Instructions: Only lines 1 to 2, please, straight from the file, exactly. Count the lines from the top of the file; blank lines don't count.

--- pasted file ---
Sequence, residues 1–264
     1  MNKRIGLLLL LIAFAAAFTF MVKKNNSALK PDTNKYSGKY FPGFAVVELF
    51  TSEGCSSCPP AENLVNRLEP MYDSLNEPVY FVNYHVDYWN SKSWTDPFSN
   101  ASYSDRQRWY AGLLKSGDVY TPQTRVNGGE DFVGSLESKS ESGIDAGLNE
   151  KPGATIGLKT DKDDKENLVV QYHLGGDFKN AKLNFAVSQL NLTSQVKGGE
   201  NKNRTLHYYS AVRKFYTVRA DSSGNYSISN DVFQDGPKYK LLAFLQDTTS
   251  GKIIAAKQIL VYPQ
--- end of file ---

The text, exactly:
Sequence, residues 1–264
     1  MNKRIGLLLL LIAFAAAFTF MVKKNNSALK PDTNKYSGKY FPGFAVVELF